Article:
How Cricket Helped One Tamil Man Reconnect With Sri Lanka

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Chevy Vithiananthan is from Sri Lanka, the small island nation off the coast of India. He grew up under the shade of coconut palms, going to school, doing chores, getting in trouble … but mostly playing cricket.

In Sri Lanka, cricket is not just a sport. It’s an obsession that borders on religious devotion.

"If the national team is playing a cricket game, the whole country shuts down," Chevy says. "Because everybody's either listening to it on the radio, in my days. Or probably watching it on TV these days. Nobody pays any attention to anything else."

The Sri Lankan national cricket team bats against England at a match in Sri Lanka. (Stu Forster/Getty Images)
The Sri Lankan national cricket team bats against England at a match in Sri Lanka. (Stu Forster/Getty Images)

Chevy doesn’t remember the first time he played cricket.

"Probably as soon as I could carry a bat is probably when I played cricket," Chevy says. "Probably man-made as well. Not a store-bought bat."

Chevy says he still has the calluses he got on the cricket pitch as a kid.

"We take a bus to school, most of the time," Chevy remembers. "And there’s always a game going. So we play it before school starts. And then, we have a lunch break, which is, like, 45 minutes. And most of us bring sandwiches. We’ll probably finish eating before even lunch starts — and, you know, you’re running to the field to try and secure a spot to play cricket."

And when school ended, there was, of course ... more cricket. Chevy says, if not for cricket, he wouldn’t have been very interested in going to school.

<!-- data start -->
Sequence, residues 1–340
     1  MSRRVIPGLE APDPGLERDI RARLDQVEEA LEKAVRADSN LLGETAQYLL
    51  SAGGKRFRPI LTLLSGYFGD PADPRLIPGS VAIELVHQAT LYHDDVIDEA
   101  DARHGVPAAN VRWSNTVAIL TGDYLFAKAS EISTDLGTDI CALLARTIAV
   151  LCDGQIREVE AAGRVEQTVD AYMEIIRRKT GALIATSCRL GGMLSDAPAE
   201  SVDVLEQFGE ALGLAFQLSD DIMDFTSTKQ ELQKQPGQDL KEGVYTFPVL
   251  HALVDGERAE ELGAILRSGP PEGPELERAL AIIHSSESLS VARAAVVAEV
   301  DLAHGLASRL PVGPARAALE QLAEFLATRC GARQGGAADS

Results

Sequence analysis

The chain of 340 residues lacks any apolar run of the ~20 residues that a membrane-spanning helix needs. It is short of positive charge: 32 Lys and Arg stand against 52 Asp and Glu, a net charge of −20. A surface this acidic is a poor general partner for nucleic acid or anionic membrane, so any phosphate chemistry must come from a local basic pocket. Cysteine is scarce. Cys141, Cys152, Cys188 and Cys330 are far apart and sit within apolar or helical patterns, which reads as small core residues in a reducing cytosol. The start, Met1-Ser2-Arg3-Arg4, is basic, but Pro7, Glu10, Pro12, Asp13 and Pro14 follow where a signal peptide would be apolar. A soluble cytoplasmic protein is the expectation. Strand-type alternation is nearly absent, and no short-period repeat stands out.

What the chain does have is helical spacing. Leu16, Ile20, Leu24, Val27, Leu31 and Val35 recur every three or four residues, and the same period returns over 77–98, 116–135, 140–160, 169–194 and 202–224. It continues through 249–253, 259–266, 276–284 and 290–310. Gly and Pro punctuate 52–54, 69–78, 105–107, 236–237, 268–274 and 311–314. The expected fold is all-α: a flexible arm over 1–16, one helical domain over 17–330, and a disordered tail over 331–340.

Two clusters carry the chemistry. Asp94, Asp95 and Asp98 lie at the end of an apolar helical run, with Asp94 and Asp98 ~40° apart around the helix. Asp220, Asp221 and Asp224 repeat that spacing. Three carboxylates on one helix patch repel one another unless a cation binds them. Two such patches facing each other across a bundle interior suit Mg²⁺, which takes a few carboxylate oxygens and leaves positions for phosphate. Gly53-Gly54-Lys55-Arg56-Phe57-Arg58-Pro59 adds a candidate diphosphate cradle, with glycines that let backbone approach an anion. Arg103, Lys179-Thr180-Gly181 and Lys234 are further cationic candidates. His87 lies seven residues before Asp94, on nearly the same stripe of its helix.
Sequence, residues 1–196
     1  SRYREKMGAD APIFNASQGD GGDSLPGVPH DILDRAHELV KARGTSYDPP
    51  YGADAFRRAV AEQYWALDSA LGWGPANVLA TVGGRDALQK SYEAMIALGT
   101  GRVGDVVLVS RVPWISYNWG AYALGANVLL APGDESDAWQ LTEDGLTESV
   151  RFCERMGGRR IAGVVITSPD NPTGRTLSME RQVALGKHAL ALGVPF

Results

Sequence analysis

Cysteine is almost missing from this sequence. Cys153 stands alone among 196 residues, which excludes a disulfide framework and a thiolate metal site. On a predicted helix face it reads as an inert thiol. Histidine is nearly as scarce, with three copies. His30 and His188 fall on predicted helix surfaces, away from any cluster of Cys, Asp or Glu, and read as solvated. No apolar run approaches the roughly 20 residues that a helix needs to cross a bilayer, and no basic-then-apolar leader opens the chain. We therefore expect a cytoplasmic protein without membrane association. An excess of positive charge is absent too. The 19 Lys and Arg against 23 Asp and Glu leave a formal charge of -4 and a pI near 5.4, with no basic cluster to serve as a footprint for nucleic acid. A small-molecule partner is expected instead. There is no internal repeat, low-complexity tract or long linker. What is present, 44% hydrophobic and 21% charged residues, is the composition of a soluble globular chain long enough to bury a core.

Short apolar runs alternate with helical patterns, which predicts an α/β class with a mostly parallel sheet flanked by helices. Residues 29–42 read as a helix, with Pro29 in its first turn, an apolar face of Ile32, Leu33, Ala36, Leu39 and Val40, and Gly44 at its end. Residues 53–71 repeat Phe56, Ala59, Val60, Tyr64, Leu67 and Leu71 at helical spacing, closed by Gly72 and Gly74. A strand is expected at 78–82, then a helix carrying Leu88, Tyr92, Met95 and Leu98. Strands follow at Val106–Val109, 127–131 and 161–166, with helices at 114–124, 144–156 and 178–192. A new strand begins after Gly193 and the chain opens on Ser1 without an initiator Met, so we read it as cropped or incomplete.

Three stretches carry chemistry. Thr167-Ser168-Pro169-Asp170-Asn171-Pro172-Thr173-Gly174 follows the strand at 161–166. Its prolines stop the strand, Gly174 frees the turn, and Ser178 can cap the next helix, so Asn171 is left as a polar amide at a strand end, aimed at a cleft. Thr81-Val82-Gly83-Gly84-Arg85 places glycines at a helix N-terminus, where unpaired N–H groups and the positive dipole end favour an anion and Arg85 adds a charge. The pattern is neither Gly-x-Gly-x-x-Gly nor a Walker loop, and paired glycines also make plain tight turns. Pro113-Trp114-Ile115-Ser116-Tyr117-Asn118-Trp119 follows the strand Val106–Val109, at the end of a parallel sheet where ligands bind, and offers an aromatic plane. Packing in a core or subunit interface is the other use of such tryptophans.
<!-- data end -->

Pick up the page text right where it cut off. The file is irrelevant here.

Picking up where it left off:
"Cricket and our lives as kids were the same, you know?"

But in high school, things began to change.

Sri Lanka At War

It was 1983, and ethnic tensions in Sri Lanka were high. In the decades since independence from the British, the government had passed discriminatory laws favoring the Sinhalese majority over the Tamil minority.

By the 1980s, young Tamils were forming armed groups. They wanted their own separate state.

Chevy is Tamil. And as a teenage boy growing up in the dusty northern town of Jaffna, he was the perfect target for recruitment by the guerrillas.

"They would come into the schools and distribute pamphlets," Chevy says. "And you saw guns. And it wasn’t safe for you."

Chevy had to navigate a treacherous world: on one side there were the Tamil militias, and on the other, the military.

"You don’t have to be involved in anything," Chevy says. "Just the fact that you’re an 18-year-old boy was not a good thing."

In July of 1983, a young, militant group known as the Tamil Tigers attacked an army convoy. Almost immediately afterwards, massive retaliatory riots consumed Sri Lanka’s capital, Colombo.

Chevy’s brother was living there at the time — he’d call home to tell his family he was safe. Chevy says he waited in dread between those calls.

The riots went on for a week. By the end, Sinhalese mobs had killed an estimated 3,000 Tamil civilians and burned whole neighborhoods to the ground.